- The Washington Times - Thursday, June 1, 2000

President Clinton continues to cast a long shadow over Vice President Al Gore, who seems unable to break free of his well-meaning but domineering boss in the race for the White House.

With Mr. Gore road-testing a kinder, gentler campaign style that steers clear of direct attacks on George W. Bush, the president is left as the de facto Democratic candidate whose positions are routinely contrasted against those of the Texas governor.

Yesterday's news for example, was dominated by Mr. Clinton's announcement that he would share any missile-defense technology the United States might develop.

But Mr. Bush was the topic of the first question posed to Mr. Clinton by the international press corps as he stood outside a picturesque palace in Lisbon with the Portuguese prime minister and with the president of the European Commission.

The president was asked if his proposed system would "protect Europe and our NATO allies, as Governor Bush has suggested."

Rather than mention Mr. Bush by name, the president emphasized his own position, which is that "it would be unethical" not to share missile-defense technology.

Eager to point out that Mr. Gore agreed with him, the president added, "that is the position of everyone in this administration."

Two hours later, in a briefing to American reporters in Lisbon, White House Press Secretary Joe Lockhart brought up Mr. Bush's stance on missile defense, pointing out that the Texas governor advocates a system much more ambitious than the one under consideration by Mr. Clinton.

Mr. Lockhart then became the most prominent member of the administration to advance the Gore campaign's "attack of the day."

Yesterday's attack amounted to a second round of criticism of Mr. Bush for declining the offer of a national security briefing from Defense Secretary William S. Cohen.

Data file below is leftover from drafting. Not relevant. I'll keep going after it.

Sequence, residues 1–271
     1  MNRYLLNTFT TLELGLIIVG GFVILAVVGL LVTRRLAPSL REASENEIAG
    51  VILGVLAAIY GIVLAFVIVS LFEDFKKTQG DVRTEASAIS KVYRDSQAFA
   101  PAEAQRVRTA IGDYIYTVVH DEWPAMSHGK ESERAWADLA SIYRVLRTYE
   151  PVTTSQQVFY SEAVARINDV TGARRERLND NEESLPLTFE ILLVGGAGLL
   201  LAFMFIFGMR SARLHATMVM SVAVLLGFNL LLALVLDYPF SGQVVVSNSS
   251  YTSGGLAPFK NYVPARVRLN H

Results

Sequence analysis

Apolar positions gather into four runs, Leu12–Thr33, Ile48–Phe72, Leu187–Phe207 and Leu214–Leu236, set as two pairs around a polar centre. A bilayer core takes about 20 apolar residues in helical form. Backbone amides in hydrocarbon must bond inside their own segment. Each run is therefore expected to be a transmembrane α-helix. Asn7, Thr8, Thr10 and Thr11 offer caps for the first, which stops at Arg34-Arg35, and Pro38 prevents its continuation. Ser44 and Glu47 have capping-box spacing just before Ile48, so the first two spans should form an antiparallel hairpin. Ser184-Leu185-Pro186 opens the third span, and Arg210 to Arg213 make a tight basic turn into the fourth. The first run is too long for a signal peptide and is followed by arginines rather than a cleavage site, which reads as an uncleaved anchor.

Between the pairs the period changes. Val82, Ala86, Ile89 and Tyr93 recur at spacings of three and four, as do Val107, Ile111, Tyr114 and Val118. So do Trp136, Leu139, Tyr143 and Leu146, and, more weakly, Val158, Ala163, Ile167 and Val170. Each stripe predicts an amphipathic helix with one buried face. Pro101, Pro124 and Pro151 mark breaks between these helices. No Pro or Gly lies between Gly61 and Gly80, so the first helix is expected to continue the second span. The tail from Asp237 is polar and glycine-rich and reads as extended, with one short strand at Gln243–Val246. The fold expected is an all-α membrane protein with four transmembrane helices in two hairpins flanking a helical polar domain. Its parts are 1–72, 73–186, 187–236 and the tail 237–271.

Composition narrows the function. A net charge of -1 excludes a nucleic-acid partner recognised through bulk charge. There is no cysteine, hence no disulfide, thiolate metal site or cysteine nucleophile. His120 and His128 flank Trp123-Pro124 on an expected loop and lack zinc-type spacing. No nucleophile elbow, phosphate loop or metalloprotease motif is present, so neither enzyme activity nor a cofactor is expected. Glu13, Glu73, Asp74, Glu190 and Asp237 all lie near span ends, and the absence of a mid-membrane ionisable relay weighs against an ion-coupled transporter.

Without prompting, the president's spokesman repeatedly questioned the Texas governor's refusal to meet with Mr. Cohen, calling it both "odd" and "surprising."

The refrain was echoed by Gore aides back in the United States, although the vice president himself remained silent on the topic.

During both exchanges with reporters in Lisbon, Mr. Gore's name never came up.

"This is Bush against Clinton," said Allan J. Lichtman, chairman of the history department at American University. "Clearly, no matter what Gore does, he is the legacy of the Clinton administration. He rises or falls with the successes and failures of that administration. So it really is the Clinton administration versus the challenger."

Stephen Hess, senior fellow in government studies at the Brookings Institution, said Mr. Gore has finally wised up and grabbed hold of the president's coattails.

"For better or worse, they're joined at the hip," Mr. Hess said. "And the irony in this case is that it took the Gore people a long time to find out that it's for the better.